mon 17/06/2019

CD: Emily Barker & the Red Clay Halo - Dear River | reviews, news & interviews

CD: Emily Barker & the Red Clay Halo - Dear River

CD: Emily Barker & the Red Clay Halo - Dear River

Personal meets political on Australian songwriter's immersive fourth album

'Dear River' is a carefully curated statement of artistic intent

Every so often, an album comes along that reminds you why you love the medium: not because it’s a simple collection of individual songs, no matter how good they are, but because it’s a carefully curated statement of artistic intent. Taken individually Emily Barker’s clear voice and pretty melodies are pleasant enough, but what sets her fourth album apart is its immersive flow.

It’s there right from the album’s seductive opening notes: Barker, close to unaccompanied, intoning the album’s title and opening words; crooning and cajoling the “dear river” to lead her away from her Australian homeland on her first adventure. It’s there in the scheduling genius that lets simpler songs like “The Leaving” and “Sleeping Horses” pick up the slack after the lusher, more complex arrangements of “Letters” and “Everywhen”, and it’s there in the album’s sweet closing serenade to that same Blackwood River.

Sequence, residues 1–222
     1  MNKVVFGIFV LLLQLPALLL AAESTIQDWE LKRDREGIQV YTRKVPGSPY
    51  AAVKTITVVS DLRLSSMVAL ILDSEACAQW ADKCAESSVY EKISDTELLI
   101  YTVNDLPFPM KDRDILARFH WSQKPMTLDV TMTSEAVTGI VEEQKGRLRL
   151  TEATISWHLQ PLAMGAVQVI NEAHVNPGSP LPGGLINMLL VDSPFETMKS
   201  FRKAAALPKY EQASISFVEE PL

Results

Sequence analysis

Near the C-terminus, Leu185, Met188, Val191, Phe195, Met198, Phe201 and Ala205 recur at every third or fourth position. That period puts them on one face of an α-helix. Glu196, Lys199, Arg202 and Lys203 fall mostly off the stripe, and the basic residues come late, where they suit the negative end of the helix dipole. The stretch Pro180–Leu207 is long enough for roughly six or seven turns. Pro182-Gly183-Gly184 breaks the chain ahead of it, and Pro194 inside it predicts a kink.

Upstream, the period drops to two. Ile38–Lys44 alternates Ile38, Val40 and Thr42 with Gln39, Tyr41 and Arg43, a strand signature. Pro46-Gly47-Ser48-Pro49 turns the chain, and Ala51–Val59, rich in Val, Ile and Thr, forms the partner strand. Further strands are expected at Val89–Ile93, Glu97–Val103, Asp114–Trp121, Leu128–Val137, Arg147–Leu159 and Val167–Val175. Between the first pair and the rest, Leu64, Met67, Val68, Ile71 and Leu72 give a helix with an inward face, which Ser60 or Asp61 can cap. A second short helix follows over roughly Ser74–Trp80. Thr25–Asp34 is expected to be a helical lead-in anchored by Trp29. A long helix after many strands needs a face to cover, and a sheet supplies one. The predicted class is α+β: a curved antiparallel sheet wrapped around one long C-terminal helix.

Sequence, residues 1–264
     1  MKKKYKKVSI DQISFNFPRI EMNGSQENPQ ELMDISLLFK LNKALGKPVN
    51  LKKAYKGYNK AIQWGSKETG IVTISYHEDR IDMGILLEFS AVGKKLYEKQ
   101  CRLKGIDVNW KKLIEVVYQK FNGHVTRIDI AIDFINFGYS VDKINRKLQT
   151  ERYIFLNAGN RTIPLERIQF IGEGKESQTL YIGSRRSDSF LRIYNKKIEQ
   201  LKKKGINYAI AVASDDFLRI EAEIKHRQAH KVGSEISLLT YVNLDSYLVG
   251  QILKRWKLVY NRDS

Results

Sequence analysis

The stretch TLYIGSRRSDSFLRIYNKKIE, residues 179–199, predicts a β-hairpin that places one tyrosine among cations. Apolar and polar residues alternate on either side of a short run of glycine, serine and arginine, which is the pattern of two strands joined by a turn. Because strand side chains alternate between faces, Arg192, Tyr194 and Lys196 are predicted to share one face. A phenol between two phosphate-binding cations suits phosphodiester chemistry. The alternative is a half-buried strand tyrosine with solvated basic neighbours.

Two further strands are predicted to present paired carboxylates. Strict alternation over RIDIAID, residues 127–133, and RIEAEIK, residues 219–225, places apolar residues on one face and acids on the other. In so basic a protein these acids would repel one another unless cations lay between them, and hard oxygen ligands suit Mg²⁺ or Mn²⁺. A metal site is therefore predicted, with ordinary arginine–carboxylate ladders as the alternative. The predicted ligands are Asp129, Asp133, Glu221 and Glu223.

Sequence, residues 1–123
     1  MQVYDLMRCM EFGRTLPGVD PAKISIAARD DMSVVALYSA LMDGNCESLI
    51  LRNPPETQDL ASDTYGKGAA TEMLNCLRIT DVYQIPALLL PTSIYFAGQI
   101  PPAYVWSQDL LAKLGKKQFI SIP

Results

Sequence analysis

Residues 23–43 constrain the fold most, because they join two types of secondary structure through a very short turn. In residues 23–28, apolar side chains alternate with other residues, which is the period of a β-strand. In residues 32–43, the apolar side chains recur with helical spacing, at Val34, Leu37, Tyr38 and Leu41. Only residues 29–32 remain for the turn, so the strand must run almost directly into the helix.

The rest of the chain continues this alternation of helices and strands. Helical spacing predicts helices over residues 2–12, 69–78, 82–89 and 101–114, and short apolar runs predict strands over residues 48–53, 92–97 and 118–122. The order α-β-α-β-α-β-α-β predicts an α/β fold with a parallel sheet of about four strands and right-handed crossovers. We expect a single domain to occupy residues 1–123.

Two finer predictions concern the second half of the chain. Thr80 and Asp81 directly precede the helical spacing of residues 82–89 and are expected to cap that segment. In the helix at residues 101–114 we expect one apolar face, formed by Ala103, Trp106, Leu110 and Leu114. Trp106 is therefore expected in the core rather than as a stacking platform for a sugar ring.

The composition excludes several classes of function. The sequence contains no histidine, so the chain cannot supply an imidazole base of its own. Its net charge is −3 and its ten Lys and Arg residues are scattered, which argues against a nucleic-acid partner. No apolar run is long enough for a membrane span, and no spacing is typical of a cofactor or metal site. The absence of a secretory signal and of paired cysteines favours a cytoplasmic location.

Of course there is a reason that the work is not presented simply as a solo one. The Red Clay Halo’s arrangements fill songs like “Letters” with grandeur, majesty and rich harmonies; turn “Tuesday” into a slice of string-laden, frantic Americana - with a political conscience, assuming you can pull yourself from its insistent melody to listen to the lyrics - and make “Everywhen” into the album’s big rocker centrepiece. Lyrically, the album explores the theme of home - what it means to leave, what it means to come back, and, on the second half in particular, what it means to be forced out. Barker’s harmonica and Gill Sandell’s accordion combine to give “Ghost Narrative” a haunted, mythic feel, while the sparse arrangement and jarring rhythm of “A Spadeful of Ground” belie the violence of lyrics that set out some of the more shameful parts of Australia’s history.

Barker’s work is likely not unfamiliar to theartsdesk readers: she performed adaptations of her songs as the themes to Wallander and The Shadow Line, and the band appeared with Frank Turner during the Olympics opening ceremony. On the strength of Dear River, her name deserves to become just as familiar.

Listen to title track "Dear River"


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